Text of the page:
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Chinese Probe Gets Up Close And Personal With Asteroid 4179 Toutatis

December 17, 2012
Image Caption: These four views of the Toutatis computer model show shallow craters, linear ridges and a deep topographic "neck" whose geologic origin is not known. It may have been sculpted by impacts into a single, coherent body, or this asteroid might actually consist of two separate objects that came together in a gentle collision. Toutatis is about 4.6 kilometers (3 miles) long and the resolution of the computer model is about 84 meters. Credit: JPL/NASA/Scott Hudson (WSU)

[Watch Video: Surface Features of Asteroid Toutatis Revealed By Radar]

Lawrence LeBlond for redOrbit.com – Your Universe Online

An asteroid by the name of 4179 Toutatis passed close enough to Earth last week that China´s Chang´e-2 probe was able to fly by the object, named for the Celtic deity Teutates by Christian Pollas in 1989, and snap some photos. The asteroid reportedly passed within 2 miles of the probe before swinging back out in Jupiter´s neighborhood.

China´s ability to take some snapshots of the space rock puts it into a lucrative position in space exploration. So far only four space agencies have been able to snap pictures of asteroids: NASA, the European Space Agency (ESA), the Japan Aerospace Exploration Agency (JAXA), and now China.

China´s mission was to scan the surface of the asteroid as it passed relatively close to it on its trajectory. Chang´e-2 made its closest approach on December 13 at 16:30 Beijing Time, according to an announcement by the State Administration of Science, Technology and Industry for National Defense (SASTIND).

Toutatis makes close approaches to Earth about every four years, and scientists say it is considered a potentially hazardous asteroid due to its near-Earth orbit. However, this year´s closest approach was still 4.5 million miles away. As well, the asteroid is only about 2.7 miles long and 1.5 miles wide, much smaller than the asteroid that is thought to have wiped out the dinosaurs 65 million years ago.

The Chinese flyby also marks the first time an unmanned spacecraft has been able to get such a close viewing of this particular asteroid. Chang´e-2 was launched in 2010 to serve as a lunar orbiter, but after its successful mission at the moon, the probe was repurposed as a deep-space explorer. According to sources, Chinese space officials had been planning the Toutatis encounter for months, but had kept a tight lid on the results until Saturday.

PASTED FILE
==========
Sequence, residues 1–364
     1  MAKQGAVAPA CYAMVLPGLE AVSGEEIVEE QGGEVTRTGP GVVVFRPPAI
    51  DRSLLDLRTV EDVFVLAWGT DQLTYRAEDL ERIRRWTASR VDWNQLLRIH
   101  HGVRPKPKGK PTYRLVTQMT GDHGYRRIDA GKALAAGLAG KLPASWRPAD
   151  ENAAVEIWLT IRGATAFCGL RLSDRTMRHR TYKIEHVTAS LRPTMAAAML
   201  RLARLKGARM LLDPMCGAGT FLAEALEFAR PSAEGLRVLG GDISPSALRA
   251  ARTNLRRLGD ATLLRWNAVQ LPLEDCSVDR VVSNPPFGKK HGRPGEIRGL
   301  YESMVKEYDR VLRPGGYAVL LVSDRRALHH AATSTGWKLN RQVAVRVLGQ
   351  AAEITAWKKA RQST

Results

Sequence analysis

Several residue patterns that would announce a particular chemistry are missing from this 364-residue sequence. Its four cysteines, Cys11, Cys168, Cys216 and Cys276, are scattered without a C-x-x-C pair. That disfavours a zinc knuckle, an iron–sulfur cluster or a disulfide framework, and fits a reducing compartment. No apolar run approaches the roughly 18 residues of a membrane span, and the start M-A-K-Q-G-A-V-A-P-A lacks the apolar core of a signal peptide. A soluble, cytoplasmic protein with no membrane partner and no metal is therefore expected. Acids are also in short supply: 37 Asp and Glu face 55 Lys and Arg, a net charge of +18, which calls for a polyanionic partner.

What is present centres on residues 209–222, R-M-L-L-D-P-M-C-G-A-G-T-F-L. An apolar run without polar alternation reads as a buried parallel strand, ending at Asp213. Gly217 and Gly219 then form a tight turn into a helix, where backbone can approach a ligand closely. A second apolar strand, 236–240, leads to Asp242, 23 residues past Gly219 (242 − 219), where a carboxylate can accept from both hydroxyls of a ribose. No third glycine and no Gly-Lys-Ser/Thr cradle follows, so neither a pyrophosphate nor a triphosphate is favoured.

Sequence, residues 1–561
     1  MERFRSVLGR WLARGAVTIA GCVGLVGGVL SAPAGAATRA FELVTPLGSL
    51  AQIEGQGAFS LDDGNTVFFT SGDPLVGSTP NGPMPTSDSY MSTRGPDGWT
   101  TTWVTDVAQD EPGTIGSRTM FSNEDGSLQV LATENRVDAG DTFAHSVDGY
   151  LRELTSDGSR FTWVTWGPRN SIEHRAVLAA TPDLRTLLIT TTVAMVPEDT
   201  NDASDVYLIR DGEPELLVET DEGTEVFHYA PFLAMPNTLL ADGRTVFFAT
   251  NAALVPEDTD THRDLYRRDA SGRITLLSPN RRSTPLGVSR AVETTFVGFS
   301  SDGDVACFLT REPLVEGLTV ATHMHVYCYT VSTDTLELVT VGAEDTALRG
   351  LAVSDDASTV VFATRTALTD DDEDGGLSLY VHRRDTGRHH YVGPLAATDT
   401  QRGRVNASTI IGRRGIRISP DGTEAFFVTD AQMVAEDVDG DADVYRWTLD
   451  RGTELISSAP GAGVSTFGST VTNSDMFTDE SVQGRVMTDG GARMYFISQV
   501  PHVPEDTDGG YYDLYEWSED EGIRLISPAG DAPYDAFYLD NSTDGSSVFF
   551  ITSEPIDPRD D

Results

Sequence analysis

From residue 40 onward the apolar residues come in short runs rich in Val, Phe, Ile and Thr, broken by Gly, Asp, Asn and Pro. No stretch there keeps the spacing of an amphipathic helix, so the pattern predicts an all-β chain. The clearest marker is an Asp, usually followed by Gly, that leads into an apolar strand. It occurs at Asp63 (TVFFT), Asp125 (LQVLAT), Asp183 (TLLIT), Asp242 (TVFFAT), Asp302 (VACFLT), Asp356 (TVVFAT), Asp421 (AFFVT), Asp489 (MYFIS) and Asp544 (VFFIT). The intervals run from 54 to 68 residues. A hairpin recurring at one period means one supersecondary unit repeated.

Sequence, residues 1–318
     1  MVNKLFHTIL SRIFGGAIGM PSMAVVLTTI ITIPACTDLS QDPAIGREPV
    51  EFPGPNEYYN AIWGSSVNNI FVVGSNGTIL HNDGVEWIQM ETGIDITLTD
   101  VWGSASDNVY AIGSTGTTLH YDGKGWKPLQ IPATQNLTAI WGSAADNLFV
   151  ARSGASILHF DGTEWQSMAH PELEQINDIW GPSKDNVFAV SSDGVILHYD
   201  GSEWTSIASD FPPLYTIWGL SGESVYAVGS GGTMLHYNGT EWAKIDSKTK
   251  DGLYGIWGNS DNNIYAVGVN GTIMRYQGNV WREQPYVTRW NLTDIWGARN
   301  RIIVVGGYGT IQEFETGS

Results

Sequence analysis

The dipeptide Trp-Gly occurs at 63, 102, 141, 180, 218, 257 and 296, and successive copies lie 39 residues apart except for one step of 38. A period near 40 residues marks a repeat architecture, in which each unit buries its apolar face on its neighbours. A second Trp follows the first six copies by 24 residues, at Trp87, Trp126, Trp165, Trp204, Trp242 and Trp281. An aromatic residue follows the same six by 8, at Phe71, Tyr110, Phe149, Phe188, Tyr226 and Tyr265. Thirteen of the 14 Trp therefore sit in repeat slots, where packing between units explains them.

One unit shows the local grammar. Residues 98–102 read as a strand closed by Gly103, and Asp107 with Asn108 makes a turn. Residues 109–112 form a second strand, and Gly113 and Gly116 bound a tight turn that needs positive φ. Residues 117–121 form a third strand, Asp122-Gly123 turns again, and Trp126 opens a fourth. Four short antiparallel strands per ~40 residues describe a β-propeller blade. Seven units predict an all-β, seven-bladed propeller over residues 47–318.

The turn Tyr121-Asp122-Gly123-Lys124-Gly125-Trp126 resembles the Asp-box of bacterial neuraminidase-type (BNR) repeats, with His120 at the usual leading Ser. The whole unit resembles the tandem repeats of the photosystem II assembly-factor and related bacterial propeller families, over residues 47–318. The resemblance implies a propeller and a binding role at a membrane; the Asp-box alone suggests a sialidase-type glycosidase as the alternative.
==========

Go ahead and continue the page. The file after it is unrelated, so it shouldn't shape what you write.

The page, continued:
The success of the Chinese mission was hailed by planetary scientists around the world.

“Oh my goodness, did they succeed. This is awesome,” the Planetary Society’s Emily Lakdawalla said in a blog post passing along the news.

“Welcome to the interplanetary club, China,” added Ted Stryk, writing on the Unmanned Spaceflight discussion forum.

Sources with China´s space administration told Xinhua news agency that Chang´e-2 is continuing its deep space explorations and will be about six million miles out from Earth by January 2013.

‘The success of the extended missions also embodies that China now possesses spacecraft capable of interplanetary flight,’ said Wu Weiren, chief designer of China’s lunar probe program.

While China was the first to get close up snapshots of Toutatis, they are continuing to remain secretive about what Chang´e-2 found out about the asteroid. With the encounter behind it, Chang´e-2 is now pushing forward into the cosmos seeking out other interesting encounters along its journey.

NASA´s Jet Propulsion Laboratory (JPL) conducted radar observations using the Goldstone radio antenna in California, and released a video (link at top of page) capturing a grainy time-lapse video showing Toutatis´ rotation on Friday. JPL´s observation was taken when Toutatis was at its closest approach to Earth at 4.3 millions away.

The insights taken from such observations may help scientists determine how asteroids came into existence early in the solar system´s history, how to mine them for valuable resources, and also how to divert them from potential impacts with the planet.

Some scientists said that China´s images, along with NASA´s radar readings, made Toutatis one of the “best-studied asteroids in the solar system.” However, others say that is a pretty bold statement, considering NASA studied Eros with NEAR Shoemaker for over a year and its Dawn probe studied Vesta extensively for nearly as long.


Source: Lawrence LeBlond for redOrbit.com - Your Universe Online



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